Laugh-out-loud moments for Covid era make memorable night

2022-08-04T07:00:00.0000000Z

2022-08-04T07:00:00.0000000Z

NZME

https://manawatuguardian.communitynews.co.nz/article/281668258735990

Stepping Out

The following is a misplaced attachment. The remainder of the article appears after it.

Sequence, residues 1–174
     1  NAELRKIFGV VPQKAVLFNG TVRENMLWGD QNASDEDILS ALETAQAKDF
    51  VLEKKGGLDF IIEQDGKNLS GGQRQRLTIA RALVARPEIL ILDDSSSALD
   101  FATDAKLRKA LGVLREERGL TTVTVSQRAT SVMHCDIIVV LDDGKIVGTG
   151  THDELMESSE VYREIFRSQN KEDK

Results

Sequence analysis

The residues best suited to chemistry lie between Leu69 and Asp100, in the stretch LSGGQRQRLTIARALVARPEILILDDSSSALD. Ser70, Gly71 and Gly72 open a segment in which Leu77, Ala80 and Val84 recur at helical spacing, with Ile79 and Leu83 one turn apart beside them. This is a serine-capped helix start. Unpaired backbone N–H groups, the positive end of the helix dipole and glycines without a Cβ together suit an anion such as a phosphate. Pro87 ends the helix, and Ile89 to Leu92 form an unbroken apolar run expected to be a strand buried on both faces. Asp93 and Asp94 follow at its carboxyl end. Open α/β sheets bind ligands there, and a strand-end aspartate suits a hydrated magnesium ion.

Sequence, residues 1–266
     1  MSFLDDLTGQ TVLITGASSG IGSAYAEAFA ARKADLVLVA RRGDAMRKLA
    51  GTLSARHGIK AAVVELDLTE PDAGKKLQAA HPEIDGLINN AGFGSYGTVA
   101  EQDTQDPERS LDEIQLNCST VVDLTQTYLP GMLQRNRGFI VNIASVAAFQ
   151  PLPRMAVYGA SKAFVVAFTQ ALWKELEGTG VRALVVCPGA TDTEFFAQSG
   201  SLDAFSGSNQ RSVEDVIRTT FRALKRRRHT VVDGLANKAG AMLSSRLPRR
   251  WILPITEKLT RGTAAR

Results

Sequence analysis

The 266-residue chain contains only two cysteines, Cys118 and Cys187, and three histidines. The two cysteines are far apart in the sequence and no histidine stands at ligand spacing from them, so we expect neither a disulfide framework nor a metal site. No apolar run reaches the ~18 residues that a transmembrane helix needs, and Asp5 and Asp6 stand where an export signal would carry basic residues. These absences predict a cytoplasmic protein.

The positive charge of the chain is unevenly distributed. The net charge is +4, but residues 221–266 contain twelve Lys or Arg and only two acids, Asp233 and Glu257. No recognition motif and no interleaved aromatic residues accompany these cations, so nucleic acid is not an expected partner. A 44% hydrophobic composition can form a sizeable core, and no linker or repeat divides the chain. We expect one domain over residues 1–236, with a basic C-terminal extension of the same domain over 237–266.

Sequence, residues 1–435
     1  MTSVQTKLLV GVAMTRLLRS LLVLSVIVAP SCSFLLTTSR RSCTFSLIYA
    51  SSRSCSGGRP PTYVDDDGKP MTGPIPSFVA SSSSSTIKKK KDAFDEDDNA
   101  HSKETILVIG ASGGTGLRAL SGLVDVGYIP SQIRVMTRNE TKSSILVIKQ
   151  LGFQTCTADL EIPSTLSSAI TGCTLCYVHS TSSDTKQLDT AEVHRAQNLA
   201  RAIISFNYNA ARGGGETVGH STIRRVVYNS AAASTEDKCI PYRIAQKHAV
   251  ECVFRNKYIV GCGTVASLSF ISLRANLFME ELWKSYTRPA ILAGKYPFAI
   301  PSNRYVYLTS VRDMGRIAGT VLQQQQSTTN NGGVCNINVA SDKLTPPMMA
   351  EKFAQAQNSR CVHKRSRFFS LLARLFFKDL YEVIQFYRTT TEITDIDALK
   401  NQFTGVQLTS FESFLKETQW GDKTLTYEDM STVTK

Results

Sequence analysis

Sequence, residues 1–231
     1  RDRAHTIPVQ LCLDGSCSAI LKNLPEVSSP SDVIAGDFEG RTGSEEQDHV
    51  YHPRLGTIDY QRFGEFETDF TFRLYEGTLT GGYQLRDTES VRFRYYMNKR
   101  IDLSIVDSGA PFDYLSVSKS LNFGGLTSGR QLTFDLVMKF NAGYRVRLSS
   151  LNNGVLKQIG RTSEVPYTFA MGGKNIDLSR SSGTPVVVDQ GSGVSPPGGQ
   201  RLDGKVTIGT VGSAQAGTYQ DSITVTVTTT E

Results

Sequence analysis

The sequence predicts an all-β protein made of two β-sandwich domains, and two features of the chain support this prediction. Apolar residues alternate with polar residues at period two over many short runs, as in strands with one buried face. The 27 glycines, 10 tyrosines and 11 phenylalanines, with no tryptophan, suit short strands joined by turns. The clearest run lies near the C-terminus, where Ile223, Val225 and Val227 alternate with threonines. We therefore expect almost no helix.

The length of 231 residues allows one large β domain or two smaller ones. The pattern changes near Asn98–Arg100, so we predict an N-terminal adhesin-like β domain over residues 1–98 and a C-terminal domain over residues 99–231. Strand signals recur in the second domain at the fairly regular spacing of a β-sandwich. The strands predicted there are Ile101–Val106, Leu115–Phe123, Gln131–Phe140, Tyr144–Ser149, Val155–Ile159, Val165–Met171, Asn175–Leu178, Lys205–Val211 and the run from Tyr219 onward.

Un-bloody-believable Foxton Little Theatre Written by Joseph Musaphia Directed by Marie Fearon Reviewed by Judith Lacy How many bottles of hand sanitiser do you have in your lounge? Harry and Wynn Booth have three and they are definitely not for decoration. Three years ago, such a question would have seemed bizarre — even if anyone had thought of it. Un-bloody-believable is a new comedy from Wellingtonian Joseph Musaphia, especially for the Covid era. Friday was the world premiere, a notable coup for the community theatre that can and does. Harry and Wynn have been married for nearly 50 years and are in lockdown. It’s not going well and Harry is seeking a cure for boredom. Then Smudge, who may or may not be a relative, arrives with a dodgy jacket and even dodgier bag and does a lot more than popping the Booths’ bubble. The play is a three-hander with nowhere to hide and director Marie Fearon has done a stellar job making sure the cast know their lines inside and out. It’s only her third time in the director’s chair and she’s put much thought into making the house goings-on sound as they should. Foxton Little Theatre stalwart Carl Terry is Harry and he contorts his lived-in face into some memorable expressions. His delivery of the best line in the play was timed to perfection. Terry also handled the physical interactions with Wynn and Smudge well and, thankfully, no blood was spilt. Lynne Long plays Wynn. Her voice was too quiet at the start of the play but she quickly got her delivery up to an audible level and with light and shade. Her exasperated body language was spot on. Lynne’s husband, Bernard Long, plays Smudge and make-up artist Nathan Webb has done an impressive job making Bernard look younger. At times, Smudge’s manic behaviour is bordering on overkill, especially his arm movements that are like the upper limb equivalent of pumping one’s chest, but Bernard’s portrayal of a man in pain was affecting. The play has plenty of laugh-outloud lines but that in itself does not make a great play. It has many of the ingredients needed for comedy gold but the script lacked je ne sais quoi. Yes, I know that is as useful as a mask around someone’s chin. The ending was predictable but how we got there was anything but and at times the plot didn’t quite tie up. But then neither does a pandemic. Foxton is unlike any theatre I’ve ever been to. Director Marie welcomed the audience and did the housekeeping messages, Lynne Long was clearing tables and Terry sat down for a yarn after my table neighbour was keen to know how old Musaphia is. He was born in 1935. Terry also designed and constructed the substantial and wellthought-out set. And what was the first thing I did when I got into the car? Put on hand sanitiser and then my friend and I talked about masks. As we neared my friend’s home and saw something we didn’t like, she quoted a line from the play. Surely, the sign of a memorable night out. If you have been missing live theatre or are keen to give it a go, don a mask and support local. And as Foxton Little Theatre says in its publicity material: “We will save your power bill with heating provided at no extra charge”. Just whatever you do, keep the sanitiser away from the heaters. Un-bloody-believable runs on Fridays and Saturdays until August 13.

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